What do you do when you finish the Boston Marathon? Run a 50k! This is my journey on running my first ultra marathon.

I Finished The Boston. Time For A 50k

By Thessaly Nicolaysen

April 18, 2017: I had just returned home from the 121st Boston Marathon and met up with a friend of mine. He asked me how my 4th time running the Boston Marathon went, and I exclaimed with joy how great it was to get back into the full swing of running again! You see, in October 2016, I developed a case of tendonitis in my ankle which lasted for several months because I refused to stay off of it. Fortunately, I was able to start running again in mid-February, and was able to prepare for Boston throughout those two months. On April 9th I had run my 15th half-marathon, my first race since October, and placed 3rd in my age group. This gave me the confidence I needed to head to Boston knowing I would be able to finish strong.

While talking with my friend, I could hardly contain my excitement to run my first Ultra Marathon, which was scheduled for three weeks later, on May 13. We found out that there was a local 50K scheduled that weekend on April 23. Knowing that I was still on my runner's high, he asked if I wanted to run the Spokane River Run 50K. Of course I was on board, and we registered on the spot.

Preparing for this race was not unlike training for a marathon. In all of my racing, my training is primarily completed on a treadmill. I know, I know, "the Dreadmill?!" I absolutely love treadmill running, though. My case for the treadmill is that I am able to read, listen to music, not panic about potty stops, and have climate control year-round. The only predator I need to worry about are walkers and other gym-goers who hop on *my* treadmill before I snag it. But I digress.

Back to April 22, the day before my first 50K. Packet pickup was low-key, and it looked like I had a good chance of doing well after looking at the course map. It was a trail race, with a few steep hills and some tricky terrain. I was pumped!

Race day arrives! Thankfully it was a local race, and it started at a reasonable hour (no need for a 4am wake up). We arrived on time, and were getting the lay of the land. This course consisted of 2 different 25K loops. The first loop was definitely a challenge, but with an optimistic attitude, I was able to run/walk without much discouragement or mishaps. The second 25K loop was where I started to become a little over-confident in my ability. Thessaly2
I was running at a good pace, and after getting past the congestion of  10K and second group of 25K runners (they had a staggered start for this race, and started many of the events as the 50K runners were making their way to the second loop), I was totally alone. In some ways, I found that this was incredibly therapeutic. While I did start to slack off a little bit (its easier to justify walking if no one is there to witness your "bonk"), I was still enjoying the experience and in awe of how amazing it was to think that I was soon going to be an "Ultramarathoner." Miles 22-26 were run right by the river. There were rocks and many trip hazards, as well as a bit of hill work. As I was navigating this section of the course, I recall thinking of how dangerous trail running is, but how exciting it is! Then, just as I was thinking, "I love trail running! It's dangerous but safe enough that I won't get hurt!" I biffed it. Hard. I fell on a downhill section at about mile 26, and had a pain in my wrist, a bad bruise on my thigh, and scratched my knees and elbow pretty badly. I had no intention of quitting the race, but knew I should stop at the next aid station so they could clean and wrap my wounds. While I was continuing, I felt an immense amount of pain in my wrist. At the aid station, I had to sit for about 35 minutes (I was TICKED that it was taking so long and adding so much time to my 50K), where I took some pain killers, and asked for an ice pack to take with me to hold on my arm. The last 5 miles of this race were some of the most painful I have ever endured. I ran when I could (hobbled is probably a more accurate description), but definitely took it easier than I normally would have wanted to.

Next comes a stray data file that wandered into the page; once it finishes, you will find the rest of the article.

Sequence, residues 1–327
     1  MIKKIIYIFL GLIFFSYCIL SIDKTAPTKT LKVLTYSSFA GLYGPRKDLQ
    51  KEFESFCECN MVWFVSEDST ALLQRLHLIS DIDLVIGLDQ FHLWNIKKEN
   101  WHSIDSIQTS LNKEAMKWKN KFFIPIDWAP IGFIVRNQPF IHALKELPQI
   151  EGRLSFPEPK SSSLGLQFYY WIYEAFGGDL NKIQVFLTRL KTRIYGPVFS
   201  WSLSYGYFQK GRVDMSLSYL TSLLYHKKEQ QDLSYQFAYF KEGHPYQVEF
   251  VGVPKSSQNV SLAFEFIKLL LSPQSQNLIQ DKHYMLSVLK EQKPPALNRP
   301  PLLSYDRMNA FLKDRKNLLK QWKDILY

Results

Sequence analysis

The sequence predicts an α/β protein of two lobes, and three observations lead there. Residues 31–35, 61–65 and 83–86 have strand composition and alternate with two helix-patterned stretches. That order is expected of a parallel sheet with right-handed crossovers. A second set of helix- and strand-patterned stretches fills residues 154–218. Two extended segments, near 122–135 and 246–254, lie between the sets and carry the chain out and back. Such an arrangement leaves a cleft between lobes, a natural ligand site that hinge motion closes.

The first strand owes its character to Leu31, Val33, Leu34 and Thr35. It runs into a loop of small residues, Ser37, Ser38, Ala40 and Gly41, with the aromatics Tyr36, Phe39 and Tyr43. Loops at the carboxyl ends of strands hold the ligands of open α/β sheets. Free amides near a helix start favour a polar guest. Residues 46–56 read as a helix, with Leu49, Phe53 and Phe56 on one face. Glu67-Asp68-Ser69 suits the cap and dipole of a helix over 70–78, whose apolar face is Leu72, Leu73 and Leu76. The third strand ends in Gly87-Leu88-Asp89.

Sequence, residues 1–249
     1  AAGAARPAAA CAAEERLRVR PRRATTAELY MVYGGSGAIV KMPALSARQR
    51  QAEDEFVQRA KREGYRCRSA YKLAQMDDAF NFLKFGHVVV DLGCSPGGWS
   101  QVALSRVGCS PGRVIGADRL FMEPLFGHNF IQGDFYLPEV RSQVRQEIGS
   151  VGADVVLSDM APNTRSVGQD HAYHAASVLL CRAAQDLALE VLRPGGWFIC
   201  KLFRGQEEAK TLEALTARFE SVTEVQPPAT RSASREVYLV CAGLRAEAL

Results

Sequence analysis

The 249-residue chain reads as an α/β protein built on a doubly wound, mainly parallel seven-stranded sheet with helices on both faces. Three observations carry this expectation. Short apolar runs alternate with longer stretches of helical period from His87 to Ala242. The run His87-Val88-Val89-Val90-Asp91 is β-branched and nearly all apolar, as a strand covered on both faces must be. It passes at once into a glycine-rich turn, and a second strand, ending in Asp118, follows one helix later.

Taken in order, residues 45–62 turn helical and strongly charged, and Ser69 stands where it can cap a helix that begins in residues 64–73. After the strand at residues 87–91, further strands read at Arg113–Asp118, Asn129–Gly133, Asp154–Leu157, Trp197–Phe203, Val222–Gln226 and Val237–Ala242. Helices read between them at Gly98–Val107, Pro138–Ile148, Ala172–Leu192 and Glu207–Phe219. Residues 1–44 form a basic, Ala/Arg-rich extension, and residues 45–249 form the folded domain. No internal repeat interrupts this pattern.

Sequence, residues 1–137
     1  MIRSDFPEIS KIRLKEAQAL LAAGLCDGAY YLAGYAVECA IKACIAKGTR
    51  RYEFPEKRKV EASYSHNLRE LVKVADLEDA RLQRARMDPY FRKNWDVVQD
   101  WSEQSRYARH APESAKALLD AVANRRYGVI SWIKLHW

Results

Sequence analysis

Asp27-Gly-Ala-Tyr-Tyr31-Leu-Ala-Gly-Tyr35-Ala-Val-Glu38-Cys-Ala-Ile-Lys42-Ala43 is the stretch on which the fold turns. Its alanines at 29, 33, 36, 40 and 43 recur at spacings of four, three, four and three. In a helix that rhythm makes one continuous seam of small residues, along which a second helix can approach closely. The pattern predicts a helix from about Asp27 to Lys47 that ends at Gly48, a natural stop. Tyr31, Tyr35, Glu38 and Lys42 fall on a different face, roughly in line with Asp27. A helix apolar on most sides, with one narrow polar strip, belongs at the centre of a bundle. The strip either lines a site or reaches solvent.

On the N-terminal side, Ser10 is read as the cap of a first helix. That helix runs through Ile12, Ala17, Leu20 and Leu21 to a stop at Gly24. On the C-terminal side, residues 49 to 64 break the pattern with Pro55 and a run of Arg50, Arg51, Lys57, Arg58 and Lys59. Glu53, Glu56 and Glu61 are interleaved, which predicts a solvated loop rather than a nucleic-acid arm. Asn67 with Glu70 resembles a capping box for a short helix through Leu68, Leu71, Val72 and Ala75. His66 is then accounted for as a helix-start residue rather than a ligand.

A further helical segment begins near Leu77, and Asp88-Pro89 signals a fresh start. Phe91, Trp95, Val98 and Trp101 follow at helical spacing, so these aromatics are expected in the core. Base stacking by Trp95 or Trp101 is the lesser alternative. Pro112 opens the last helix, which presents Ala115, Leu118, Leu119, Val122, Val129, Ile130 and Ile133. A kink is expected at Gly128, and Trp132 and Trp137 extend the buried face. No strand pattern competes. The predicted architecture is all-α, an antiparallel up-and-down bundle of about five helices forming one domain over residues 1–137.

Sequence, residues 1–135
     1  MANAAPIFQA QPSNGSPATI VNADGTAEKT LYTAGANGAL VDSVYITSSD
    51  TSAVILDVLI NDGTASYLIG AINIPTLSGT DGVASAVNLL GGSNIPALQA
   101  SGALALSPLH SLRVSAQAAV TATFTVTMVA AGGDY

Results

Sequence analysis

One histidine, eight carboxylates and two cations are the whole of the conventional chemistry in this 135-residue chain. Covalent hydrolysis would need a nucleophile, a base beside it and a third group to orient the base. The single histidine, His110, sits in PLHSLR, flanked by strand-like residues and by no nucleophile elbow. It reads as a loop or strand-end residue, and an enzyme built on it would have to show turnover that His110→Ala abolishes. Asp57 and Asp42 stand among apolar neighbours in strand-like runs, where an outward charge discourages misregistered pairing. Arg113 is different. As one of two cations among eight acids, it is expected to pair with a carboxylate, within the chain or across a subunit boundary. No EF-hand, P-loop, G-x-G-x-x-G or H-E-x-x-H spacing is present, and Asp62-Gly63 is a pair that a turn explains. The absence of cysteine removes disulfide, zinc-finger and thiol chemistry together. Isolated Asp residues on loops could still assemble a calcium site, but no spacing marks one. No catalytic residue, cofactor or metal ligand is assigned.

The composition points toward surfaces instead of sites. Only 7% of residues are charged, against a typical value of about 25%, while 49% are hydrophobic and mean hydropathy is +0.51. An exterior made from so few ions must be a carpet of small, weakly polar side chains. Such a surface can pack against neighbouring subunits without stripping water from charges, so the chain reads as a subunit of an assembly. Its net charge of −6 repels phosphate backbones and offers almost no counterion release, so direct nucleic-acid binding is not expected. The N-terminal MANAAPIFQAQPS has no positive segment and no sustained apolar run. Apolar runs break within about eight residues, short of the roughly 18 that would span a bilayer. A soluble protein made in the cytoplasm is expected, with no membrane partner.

Crossing the finish line was emotional. I was in pain, but was SO proud of my new accomplishment. In my years of marathon running, I thought that a marathon was the longest distance I would ever be able to conquer. However, over the past year I have been obsessed with the thought that "maybe I AM capable of running a more challenging distance." Crossing the finish line helped to remind me that I am truly fearless, and limitless in my potential as a runner. Surprisingly, even with my fall and 35 minute pit stop, I placed 2nd in my age group! I know that there is nothing I can't do, and I recognized a new sense of strength and accomplishment as a result of finishing my first Ultramarathon.

April 24, 2017: After a painful and restless night's sleep, I decided I should probably go to the doctor to get my wounds cleaned properly and my wrist checked. An X-Ray revealed that I fractured my wrist when I fell. Incidentally, the doctor who checked my injuries ran the 50K course as well, and knew exactly where I fell. To say he was impressed that I finished the race with these injuries is an understatement. I had my knees and elbow wounds sterilized, was given a prescription for antibiotics, and was scheduled to get a cast later that week. Thankfully, I was able to run again after getting my cast because I had my next 50K in a couple of weeks...


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